How often do you expect to find yourself down on the floor of the plane, crouched next to a Hasidic woman who has misplaced her shoe over the course of the 11 hour flight? Well, I had a flashlight handy and she needed that shoe to get off the plane! And we found it. But it was the first time in my life that I also felt like I was in the clear minority. The plane was packed with Hasidic families, the men wearing their hats and earlocks, and the women wearing conservative wigs and hats. That's right, wigs. At the beginning of the flight they all disappeared, one after another, into the plane's restroom to remove their wigs for the duration of the flight. They kept their heads completely covered with woolen slouchy hats once the wigs came off. The hats the men wore had special carry-on boxes shaped exactly like the hats to store them in while the men travelled.
I knew by the people on the plane that this was going to be a different trip. Apparently just 2% of the entire population of 8 million people in Israel are Christians. I've never been part of such a clear minority of people.
Our first group meeting was held in the hotel's synagogue. What hotel has any kind of room for religious expression, much less a synagogue? Judaism is part of the air people breathe here, and the rich traditions will carry me back to the time when Jesus lived, worshipped and studied here.
We are staying at a hotel on a bluff above the Mediterranean Sea and I have opened the glass doors overlooking the Sea just a crack to hear the powerful sound of the water rushing to collide with the bluff. (It is also helping us to get rid of some of the stifling heat in this room. We cannot figure out how to make the thermostat work!)
We had an amazing meal tonight of fresh, cut vegetables, copious amounts of hummus, tahini, baba ganoush, and a lively quince salsa that was a brilliant yellow and had a taste to equal the color.
Tomorrow we travel to Caesarea Maritima, Mount Carmel (or Megiddo depending on the weather--it's gray and rainy today), and NAZARETH!! We will then stay by the Sea of Galilee for 2 days, and, as a woman told me this past Sunday at church, while much has changed since Jesus walked the earth, the Sea of Galilee Is the same as it was then. Imagine that.
I will continue to pray for all of you throughout my trip. Not sure how much internet I'll have, but I will try to post.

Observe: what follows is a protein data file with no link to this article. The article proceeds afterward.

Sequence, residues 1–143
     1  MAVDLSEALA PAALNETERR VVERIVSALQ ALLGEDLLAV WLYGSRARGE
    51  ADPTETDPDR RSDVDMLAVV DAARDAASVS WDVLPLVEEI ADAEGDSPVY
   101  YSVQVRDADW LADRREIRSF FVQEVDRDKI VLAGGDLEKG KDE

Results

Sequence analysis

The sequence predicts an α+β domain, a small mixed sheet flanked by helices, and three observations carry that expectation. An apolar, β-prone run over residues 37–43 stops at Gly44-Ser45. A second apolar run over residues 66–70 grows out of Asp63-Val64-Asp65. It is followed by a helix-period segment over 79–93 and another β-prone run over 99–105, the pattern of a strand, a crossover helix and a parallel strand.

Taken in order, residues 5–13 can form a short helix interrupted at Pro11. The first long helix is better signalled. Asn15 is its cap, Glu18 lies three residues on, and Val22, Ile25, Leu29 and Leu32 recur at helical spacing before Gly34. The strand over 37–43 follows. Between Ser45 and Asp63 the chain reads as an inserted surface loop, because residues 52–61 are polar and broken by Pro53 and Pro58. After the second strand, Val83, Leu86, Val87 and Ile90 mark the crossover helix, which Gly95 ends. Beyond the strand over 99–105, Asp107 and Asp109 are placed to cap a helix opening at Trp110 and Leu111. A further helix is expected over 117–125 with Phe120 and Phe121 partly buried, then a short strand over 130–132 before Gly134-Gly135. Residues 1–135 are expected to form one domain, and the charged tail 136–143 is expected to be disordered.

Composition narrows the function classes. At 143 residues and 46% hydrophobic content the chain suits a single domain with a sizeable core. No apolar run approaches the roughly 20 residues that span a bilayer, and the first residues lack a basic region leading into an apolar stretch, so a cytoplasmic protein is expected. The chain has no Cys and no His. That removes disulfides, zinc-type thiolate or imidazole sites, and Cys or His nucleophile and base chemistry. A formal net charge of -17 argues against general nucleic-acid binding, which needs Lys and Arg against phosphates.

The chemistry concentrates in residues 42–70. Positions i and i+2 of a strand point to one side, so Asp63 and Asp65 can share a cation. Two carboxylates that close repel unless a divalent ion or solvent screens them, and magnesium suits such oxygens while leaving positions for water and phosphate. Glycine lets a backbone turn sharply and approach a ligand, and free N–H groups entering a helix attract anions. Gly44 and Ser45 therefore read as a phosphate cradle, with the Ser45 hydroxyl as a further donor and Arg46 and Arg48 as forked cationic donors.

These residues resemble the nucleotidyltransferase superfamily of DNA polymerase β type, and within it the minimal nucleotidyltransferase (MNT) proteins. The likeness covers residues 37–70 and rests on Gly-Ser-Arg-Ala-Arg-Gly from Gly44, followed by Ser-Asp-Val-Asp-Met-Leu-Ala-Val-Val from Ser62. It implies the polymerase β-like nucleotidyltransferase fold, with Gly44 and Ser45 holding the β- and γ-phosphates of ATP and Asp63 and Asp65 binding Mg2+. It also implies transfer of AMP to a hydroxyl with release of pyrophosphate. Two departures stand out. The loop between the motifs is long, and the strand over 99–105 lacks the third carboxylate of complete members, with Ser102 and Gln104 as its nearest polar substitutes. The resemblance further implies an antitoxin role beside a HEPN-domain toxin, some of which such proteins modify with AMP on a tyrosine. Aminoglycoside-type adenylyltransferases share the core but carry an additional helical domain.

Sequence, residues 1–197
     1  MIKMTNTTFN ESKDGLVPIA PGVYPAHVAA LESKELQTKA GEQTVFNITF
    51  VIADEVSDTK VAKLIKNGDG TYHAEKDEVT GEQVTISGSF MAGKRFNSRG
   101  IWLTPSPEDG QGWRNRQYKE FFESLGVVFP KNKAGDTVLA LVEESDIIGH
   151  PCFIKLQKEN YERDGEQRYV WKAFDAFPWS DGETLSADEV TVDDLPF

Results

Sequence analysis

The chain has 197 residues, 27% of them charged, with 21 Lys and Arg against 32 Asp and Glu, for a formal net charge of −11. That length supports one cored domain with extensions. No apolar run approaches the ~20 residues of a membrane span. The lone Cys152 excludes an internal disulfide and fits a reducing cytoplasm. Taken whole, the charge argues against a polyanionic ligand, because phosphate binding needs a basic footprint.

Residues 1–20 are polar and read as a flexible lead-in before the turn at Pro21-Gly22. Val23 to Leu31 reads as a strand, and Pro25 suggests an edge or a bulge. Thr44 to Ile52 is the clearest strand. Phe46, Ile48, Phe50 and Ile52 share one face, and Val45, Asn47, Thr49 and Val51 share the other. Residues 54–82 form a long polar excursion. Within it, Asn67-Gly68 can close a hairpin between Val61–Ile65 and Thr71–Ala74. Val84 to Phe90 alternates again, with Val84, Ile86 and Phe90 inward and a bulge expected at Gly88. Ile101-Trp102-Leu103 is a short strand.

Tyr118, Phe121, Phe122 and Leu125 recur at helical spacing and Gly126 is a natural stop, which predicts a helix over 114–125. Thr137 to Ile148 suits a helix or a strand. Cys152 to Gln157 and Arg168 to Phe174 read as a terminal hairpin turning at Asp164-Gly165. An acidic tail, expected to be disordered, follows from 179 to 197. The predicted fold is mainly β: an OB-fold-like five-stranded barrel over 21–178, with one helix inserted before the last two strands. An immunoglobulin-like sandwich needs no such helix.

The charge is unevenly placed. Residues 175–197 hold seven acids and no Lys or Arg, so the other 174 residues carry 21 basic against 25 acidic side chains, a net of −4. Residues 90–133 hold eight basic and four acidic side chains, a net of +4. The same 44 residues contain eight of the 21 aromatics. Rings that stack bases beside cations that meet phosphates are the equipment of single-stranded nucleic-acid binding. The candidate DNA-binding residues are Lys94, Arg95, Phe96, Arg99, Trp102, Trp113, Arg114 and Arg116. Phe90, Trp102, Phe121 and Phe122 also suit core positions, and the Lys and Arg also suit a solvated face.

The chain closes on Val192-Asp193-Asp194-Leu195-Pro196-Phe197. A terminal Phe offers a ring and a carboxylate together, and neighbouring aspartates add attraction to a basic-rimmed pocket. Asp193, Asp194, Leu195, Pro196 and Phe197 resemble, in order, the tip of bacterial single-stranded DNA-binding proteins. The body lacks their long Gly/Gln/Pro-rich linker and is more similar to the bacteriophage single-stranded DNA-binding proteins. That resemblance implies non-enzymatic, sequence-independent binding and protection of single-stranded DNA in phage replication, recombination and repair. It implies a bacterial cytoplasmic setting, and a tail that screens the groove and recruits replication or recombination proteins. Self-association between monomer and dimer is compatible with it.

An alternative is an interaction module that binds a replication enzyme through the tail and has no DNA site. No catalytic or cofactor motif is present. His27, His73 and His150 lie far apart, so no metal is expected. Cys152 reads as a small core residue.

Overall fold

Ok, I opted for the paid wifi as we fly over the Atlantic Ocean on our way back to Newark International so I could spend some time in reflection, which I fear I will not have one this plane lands.
I need to be prepared for the heat since it has not gone above 70 degrees for the past 2 weeks of my trip. This morning it felt distinctly like autumn. I need to be prepared to re-begin a healthier eating plan. The carb-rich diet broke all my good habits, and I did not consume even a grain of quinoa in the past three weeks. But sweets, tray bakes, scones--bring 'em on! So now I need to realign my life, my body temperature comfort zone, my basic habits, and of course, my body clock. I am completely integrated into a schedule 5 hours different from normal.
What I have found most interesting is that I had the best trip overseas that I have ever had. I felt a part of the community in a new and different way, and found myself no longer wrestling with some of the differences I used to wrestle with.
An example: the other night we were invited to a dinner and offers to bring a salad. Well, for me, that means a medley of greens, baby tomatoes, marinated cheeses and olives, and a choice of salad dressings. We went to a local grocery store (the high-class one with specialty items) and found most of the 'green' ingredients, but they had no bottled salad dressings. We finally found a very small selection--about 5 types--in one aisle. I used to find that differences like this caused friction in my soul--and raised unanswerable, and unimportant, questions:why wouldn't they have salad dressing? Do people even eat salad? What kind of culture doesn't eat salad?